The Salon Des Refuses
In 1863, the same year Lincoln freed the slaves, Bonaparte's nephew, the Emperor Napoleon the III freed the artists in Paris from the tyranny of the Academy Francais. After receiving many complaints from both the artists and the public that the official French Salon had refused to exhibit paintings that did not conform to Academy rules of acceptable art, Napoleon went down to take a look for himself. That's when he saw for the first time the early paintings of Renoir, Degas, Pissaro, Cezanne and Manet.
Guess what? That's when this would-be conqueror of all Europe succeeded instead in becoming the liberator of French art. His verdict: in SDS's famous phrase from the 1960's he declared, Let the people decide.
He liked what he saw, and determined on his own initiative that these paintings which had been refused by the one recognized arbiter of good painting-at that time the only way to get one's work before the general public-were every bit as good as the works which they had accepted. He forthwith invited these artists to exhibit their work at an exhibit he dubbed, "The Salon des Refuses," or the Salon of the Rejected.
Thus through his personal support of the new movement in French Art did the group of paintings which would soon be known as the Impressionists begin to find their audience-outside of the mainstream.
Fast forward a hundred years to 1963 and the folk clubs of Greenwich Village in New York. In the same city as Tin Pan Alley, where the arbiters of musical taste held the same kind of stranglehold on what could be recorded as the French Salon had had on what could be exhibited, clubs like Gerdes Folk City and the Bottom Line in New York City, and The Ash Grove in Los Angeles became the Salon des Refuses of their time, providing the new movement in music a path toward popular success. Instead of Renoir, Degas, Pissaro and Manet, think Dylan, Ochs, Paxton, Van Ronk and in L.A., Ry Cooder-they too were refused by the official custodians of not only mainstrea popular music, but sometimes even the guardians of what was acceptable folk music.
Dylan was rejected by both Folkways and Vanguard Records before the hallowed producer John Hammond signed him for Columbia Records. Back then he was known in house as "Hammond's Folly." The rough-hewn white blues singer with the bark still on his voice was deemed "too visceral" by Maynard Solomon of Vanguard, who couldn't see putting a voice that had been described as "a cat being dragged across a barbed-wire fence" on the same label with Joan Baez.
And Sam Phillips of Sun Records couldn't see turning down $35,000 for Elvis Presley's contract, which he promptly sold to RCA Victor. In the world of music these judgments rank right up there (or down there) with the Boston Red Sox trading Babe Ruth to the New York Yankees.
And in the world of art they rank right up there with those French Academy art critics rejecting Edouard Manet, Edgar Degas, Auguste Renoir and Paul Cezanne for a bunch of paint-by-the-numbers academicians whose work was little known nor long remembered.
Today those rejected early works of French Impressionism are hanging in the Louvre, Elvis is the King, Dylan is the Crown Prince, and Babe Ruth is the man who saved baseball. Conclusion: don't trust the experts.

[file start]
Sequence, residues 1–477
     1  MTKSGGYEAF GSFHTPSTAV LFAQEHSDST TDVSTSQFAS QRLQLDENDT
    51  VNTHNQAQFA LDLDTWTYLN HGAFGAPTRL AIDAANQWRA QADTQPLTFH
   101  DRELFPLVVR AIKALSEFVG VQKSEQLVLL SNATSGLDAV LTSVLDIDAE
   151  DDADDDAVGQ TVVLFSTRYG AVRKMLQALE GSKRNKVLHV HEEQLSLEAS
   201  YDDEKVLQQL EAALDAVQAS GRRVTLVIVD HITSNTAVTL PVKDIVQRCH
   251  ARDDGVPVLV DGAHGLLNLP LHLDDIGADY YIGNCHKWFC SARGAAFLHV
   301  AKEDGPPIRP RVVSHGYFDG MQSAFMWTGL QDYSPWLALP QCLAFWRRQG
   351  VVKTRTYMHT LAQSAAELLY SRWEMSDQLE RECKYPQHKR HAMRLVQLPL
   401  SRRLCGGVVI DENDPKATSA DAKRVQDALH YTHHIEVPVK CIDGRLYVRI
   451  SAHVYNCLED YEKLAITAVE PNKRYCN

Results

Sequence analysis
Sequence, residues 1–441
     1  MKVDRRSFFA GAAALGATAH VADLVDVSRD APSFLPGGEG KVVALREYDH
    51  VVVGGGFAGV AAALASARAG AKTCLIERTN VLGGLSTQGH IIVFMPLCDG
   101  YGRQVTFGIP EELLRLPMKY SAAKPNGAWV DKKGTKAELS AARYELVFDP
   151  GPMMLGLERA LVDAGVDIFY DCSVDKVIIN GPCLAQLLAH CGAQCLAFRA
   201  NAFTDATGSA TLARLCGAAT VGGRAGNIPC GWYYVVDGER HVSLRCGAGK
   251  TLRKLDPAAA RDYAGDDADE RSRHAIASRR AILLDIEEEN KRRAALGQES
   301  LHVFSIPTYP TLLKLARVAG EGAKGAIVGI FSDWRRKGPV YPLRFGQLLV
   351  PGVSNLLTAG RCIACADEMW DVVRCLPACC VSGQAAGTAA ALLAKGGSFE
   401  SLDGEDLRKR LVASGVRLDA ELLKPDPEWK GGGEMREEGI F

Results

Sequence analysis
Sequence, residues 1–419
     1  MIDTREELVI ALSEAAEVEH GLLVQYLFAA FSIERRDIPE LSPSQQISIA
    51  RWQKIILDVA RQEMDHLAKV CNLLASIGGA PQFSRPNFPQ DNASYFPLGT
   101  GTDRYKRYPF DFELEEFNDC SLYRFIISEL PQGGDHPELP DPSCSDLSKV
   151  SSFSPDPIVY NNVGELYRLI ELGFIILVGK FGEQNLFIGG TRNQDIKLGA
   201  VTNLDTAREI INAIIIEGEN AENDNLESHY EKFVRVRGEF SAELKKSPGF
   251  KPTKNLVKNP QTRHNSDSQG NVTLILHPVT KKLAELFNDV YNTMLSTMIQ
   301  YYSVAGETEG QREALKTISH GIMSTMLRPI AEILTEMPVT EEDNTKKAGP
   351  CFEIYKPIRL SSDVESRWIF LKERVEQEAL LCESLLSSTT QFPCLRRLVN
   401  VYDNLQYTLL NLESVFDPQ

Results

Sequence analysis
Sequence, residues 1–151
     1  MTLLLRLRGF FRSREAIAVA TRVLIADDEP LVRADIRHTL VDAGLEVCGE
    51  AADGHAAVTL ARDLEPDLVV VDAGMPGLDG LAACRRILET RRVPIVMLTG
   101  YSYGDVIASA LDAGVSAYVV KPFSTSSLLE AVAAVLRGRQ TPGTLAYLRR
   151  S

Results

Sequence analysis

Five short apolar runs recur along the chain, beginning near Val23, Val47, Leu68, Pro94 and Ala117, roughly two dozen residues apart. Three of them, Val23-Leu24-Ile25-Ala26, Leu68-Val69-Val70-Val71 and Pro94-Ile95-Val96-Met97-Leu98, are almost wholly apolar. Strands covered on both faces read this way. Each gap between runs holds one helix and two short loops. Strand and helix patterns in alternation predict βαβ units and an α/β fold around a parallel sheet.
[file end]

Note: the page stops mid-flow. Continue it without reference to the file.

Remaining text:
The Salon des Refuses may make for an inspirational story today, with a hundred and forty years of hindsight for perspective, but in its own time it was notorious enough to cause riots in the streets of Paris. They were not rioting on behalf of liberte, egalite and fraternite, nor on behalf of the damned de la terre-from the opening of The Internationale-later translated by the American Wobblies as "the wretched of the earth." Nor were they protesting on behalf of the right of free expression by France's beleaguered young artist manques.
On the contrary, they were voicing their outrage at one painting in particular by Edouard Manet that had somehow slipped by the censor and wound up being the controversial centerpiece of that historic 1863 exhibition.
You may be familiar with Manet's early foray into Impressionism (a label, by the way, he always rejected) with a painting called Le Dejeuner les Herbes, or Luncheon on the Grass, which became perhaps the most revolutionary painting of all time. It aroused the most violent reactions of any painting in the Salon Des Refuses. It prompted the public to label Manet a madman and Napoleon the Third a fool for having supported him.
They had seen nudes before, but they had been nude gods and goddesses, not a middle-class, fleshy and blithely unconcerned French woman sitting at a picnic with two well-clothed gentlemen seemingly indifferent to her brazenly baring all. The public was anything but indifferent. Manet and his model Victorine Meurent had struck a nerve every bit as telling as Elvis's swivel hips did in the staid and silent 1950's. Just as Ed Sullivan's cameraman could not shoot Elvis below the waist, so did Manet find himself the object of ridicule and scorn.
What Elvis did for the music of the body, what Dylan later did for the music of the mind, Manet had done for the female nude-he brought her literally down to earth. Every radical artist breaks some kind of convention, crosses some kind of boundary, and thus recreates the world their art inhabits. Or as Walt Whitman put it, every great artist must create the audience by which he (or she) would be judged.
We are not surprised to read that this has been done by great visual artists, or great literary artists, but to realize that great folk artists like Woody Guthrie, like Bob Dylan, and great rock artists like Elvis have equally pushed those boundaries, have redrawn the map of the known world-well, that is surprising, and liberating in the fullest sense of that often maligned word. Let the people decide.